EDITORIAL MONDAY 24.11.08.
It’s hard to believe that it has been a year already since the election of the Rudd Labor Government. It seems like just the other day, and there is still a “fresh and new” aura about the government, even though one third of the allotted term has now elapsed. So, after the first twelve months, how is the government faring? Has it lived up to expectations, or has it failed to deliver on its promise?
If the opinion polls are anything to judge by, the gloss of the new government is largely unblemished. In fact, by some measures Kevin Rudd is more popular now than he was a year ago. Some of this might have something to do with his apparent predilection for the big symbolic gesture. His first act after being sworn in was to ratify the Kyoto Protocol. The official apology to the stolen generation made a powerful statement. The 2020 summit was another grand gesture which could be seen as more an exercise in PR than in delivering actual policy outcomes.
But there must be more to it than that. After all, if all the government had to offer was symbolism the gloss would soon begin to wear thin. People would quickly see through the veneer to the truth that despite all the big talk, not much was actually being done. So how has the Prime Minister managed to not only maintain his popularity, but to improve on it?
Many of the big promises made by the government prior to being elected are either yet to be delivered or slowly moving through the pipeline of inquiries and reviews and committees which the government has initiated. It would not be unreasonable to be asking now “where is the education revolution?” and “when will public hospitals begin to turn around?” and even “how much longer before Work Choices is completely dismantled?” For whatever reason, the majority of voters are prepared to accept that these promises will not be delivered overnight.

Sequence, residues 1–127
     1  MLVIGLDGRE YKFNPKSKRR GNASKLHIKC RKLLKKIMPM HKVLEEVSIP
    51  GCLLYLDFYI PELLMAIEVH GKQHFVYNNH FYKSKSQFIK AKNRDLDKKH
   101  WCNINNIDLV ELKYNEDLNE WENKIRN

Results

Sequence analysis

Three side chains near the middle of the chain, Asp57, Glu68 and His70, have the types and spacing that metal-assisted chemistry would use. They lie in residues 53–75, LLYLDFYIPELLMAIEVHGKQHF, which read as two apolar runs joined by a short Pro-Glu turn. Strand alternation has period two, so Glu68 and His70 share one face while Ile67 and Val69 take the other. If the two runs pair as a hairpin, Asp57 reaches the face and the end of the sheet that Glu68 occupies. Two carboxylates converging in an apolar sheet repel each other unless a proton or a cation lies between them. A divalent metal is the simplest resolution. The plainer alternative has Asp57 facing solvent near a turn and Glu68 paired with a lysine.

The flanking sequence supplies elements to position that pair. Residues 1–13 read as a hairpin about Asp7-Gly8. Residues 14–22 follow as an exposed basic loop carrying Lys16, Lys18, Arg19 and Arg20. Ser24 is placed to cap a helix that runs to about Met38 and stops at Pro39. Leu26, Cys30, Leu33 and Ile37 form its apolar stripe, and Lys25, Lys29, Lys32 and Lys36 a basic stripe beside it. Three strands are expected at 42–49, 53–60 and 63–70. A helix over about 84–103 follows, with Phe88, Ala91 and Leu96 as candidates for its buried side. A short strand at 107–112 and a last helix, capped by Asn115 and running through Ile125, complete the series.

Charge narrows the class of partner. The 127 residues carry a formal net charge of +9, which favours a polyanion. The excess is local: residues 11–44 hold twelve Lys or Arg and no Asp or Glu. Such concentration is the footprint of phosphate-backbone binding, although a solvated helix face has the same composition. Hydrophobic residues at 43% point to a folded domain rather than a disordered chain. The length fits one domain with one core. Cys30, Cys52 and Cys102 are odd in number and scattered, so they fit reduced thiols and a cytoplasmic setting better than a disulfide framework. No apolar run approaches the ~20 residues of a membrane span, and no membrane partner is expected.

Of course, the one big issue which has dominated the headlines in recent months has been the Global Financial Crisis. On this, the government has been acknowledged for its quick and decisive action in delivering a fiscal stimulus package. Amazingly, even when the unlimited bank deposit guarantee unleashed the damaging flight of capital out of unsecured investments resulting in retirees having their funds frozen, the Rudd government has been judged kindly by the electorate. It seems the public approves of the government’s handling of the matter sufficiently so as to forgive the occasional error of judgment.
I could be wrong, but I think the reason for this is that people generally have the impression that the Prime Minister is being straight with us and is telling us like it is. The government has kept the faith on the promised tax cuts in this year’s budget, and has so far adhered to its schedule for change to industrial relations, education and health. At this point the government still enjoys a level of trust which is unusual in politics.
It is for that reason that the government should be honest about the prospect of a budget deficit. A wide range of responsible economists and observers, along with the Reserve Bank Governor have all indicated that a deficit may be not only inevitable, but also a good thing. It is highly likely that there will be a need for more fiscal stimulation in the months ahead in order to keep the Australian economy moving. Should that prove to be the case the choice then will be to keep the budget in surplus and let the economy stall, or let the budget fall into deficit and keep the economy alive and thus provide some relief for ordinary Australians who would otherwise suffer the most.
Despite this, Wayne Swan and Kevin Rudd are still insisting that there is no need for a deficit. It might sound reassuring now, but the problem is that they stand a very good chance of having to eat humble pie next year. If that happens, it could well be enough to destroy the trust that they currently enjoy.